The Sword of Omens gave Lion-O the power to see into the future. We are calling on it to help us predict season 2014-15.
It was almost impossible to avoid the hype surrounding 2014's "super" draft. Even those not interested or well versed in college basketball were caught in the vortex, since it launched a tank-race featuring roughly a quarter of the league's teams.
Logically, it stands to reason that the forthcoming Rookie of the Year race should be of high quality. The class who effectively caused a season-long reverse auction for their services will play 2014-15 under heavy expectations.
When the dust (finally) settled on the Kevin Love Treaty in August, 5-star prospects Andrew Wiggins and Jabari Parker had both found homes on moribund Midwestern franchises. For them, opportunities for minutes and shots abound.
Conversely, athlete-extraordinaire Aaron Gordon and crafty playmaker Elfrid Payton join a Magic team who have may have had enough of "rebuilding." 2014-15 will mark the 3rd season since they lost Dwight Howard and there have been few signs of progress to date. Simply by trying to win, the Magic may find themselves pushing for one of the East's final playoff spots - a potential vote-winner for their 2 RoY candidates.
Julius Randle may be in a similar boat as he joins a Laker team looking to bounce back from one of the worst seasons in franchise history. A marked improvement in the win total may help his cause, but he may find it hard to break into a veteran starting lineup.
Marcus Smart, Dante Exum and Nick Stauskas are all projected to have long and productive careers, but aren't in ideal situations to take the trophy. Smart will presumably be asked to take a back seat as Rajon Rondo runs the show in Boston, while Exum is likely to be brought along slowly as he physically develops. Stauskas, Baseline Leaner's outsider of choice, should be a contributor from day one - however, a large role is unlikely with Rudy Gay and Ben McLemore ahead of him in the rotation.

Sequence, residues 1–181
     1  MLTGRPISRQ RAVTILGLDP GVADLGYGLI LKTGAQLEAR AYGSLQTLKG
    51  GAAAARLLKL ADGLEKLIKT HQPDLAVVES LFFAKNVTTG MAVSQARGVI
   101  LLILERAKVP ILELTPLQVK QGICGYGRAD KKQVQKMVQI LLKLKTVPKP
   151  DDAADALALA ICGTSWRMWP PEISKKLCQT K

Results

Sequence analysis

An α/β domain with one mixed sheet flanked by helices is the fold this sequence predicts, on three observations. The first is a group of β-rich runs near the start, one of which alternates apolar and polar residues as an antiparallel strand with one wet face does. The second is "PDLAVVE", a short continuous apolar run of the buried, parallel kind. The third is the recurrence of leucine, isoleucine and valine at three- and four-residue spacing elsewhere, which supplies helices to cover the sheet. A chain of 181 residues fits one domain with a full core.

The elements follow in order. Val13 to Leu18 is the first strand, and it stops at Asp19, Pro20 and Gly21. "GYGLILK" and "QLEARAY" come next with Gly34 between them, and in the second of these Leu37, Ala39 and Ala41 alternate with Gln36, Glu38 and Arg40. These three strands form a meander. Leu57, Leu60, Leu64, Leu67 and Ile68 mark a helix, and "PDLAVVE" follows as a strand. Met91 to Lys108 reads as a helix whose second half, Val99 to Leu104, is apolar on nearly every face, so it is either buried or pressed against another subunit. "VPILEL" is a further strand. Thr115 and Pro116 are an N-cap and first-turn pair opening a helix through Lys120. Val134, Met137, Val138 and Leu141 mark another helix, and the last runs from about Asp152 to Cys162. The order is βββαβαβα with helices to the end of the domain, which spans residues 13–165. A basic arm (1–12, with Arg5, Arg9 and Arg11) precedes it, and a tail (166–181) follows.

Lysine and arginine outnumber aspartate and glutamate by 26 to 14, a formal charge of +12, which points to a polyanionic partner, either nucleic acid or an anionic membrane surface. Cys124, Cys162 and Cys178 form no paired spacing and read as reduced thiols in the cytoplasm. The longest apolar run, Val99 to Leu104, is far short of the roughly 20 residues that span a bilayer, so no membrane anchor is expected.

The Sword of Omens 2014-15 Rookie of the Year
We enjoy irony almost as much as we enjoy NBA basketball, and when the two have the rare chance to come together, we must actively support and endorse it. The above draft class - the one that convinced the 76ers to spend less than the NBA mandated minimum on their team and Boston to nuke Ubuntu, among other things - may not produce this season's Rookie of the Year.
That honour, according to vision delivered exclusively to our Sword, will belong to Nerlens Noel. Originally picked 6th in 2013, Nerlens sat out the year with a torn ACL, and is thereby eligible this year under the same rule that saw Blake Griffin win in 2011. (And a ripped-off Sabonis fall short in 1996).
It's worth noting that Nerlen's candidacy is not only manufactured to fit our strange narrative. The Sixers are bereft of quality in the front court, with neither of their 2014 picks - Joel Embiid, Dario Saric - likely to suit up this season. With that in mind, Nerlens will plausibly play 30-35 minutes a night from Game 1 and should the Sixers continue to scream the ball up the floor (see "Pace"), he'll have a ton of chances to fill the stat sheet. His box scores should outshine those of his competitors - a similar advantage shared by his teammate Michael Carter-Williams last season.
With few legitimate big men to compete with, Nerlens is a strong chance to blow all rookies away in rebounds and blocks. Moreover, he has flashed an Anthony Davis-like ability to snag steals from the 4/5 spot and should also rank highly in that category. Overall, defensively, he looks to be an above-average NBA big man already - with huge potential to become an elite one. Of course, only contributing off the ball usually doesn't equal RoY success, but Philly's go-go system means Nerlens may crack double-figures in points on dunks and put backs alone.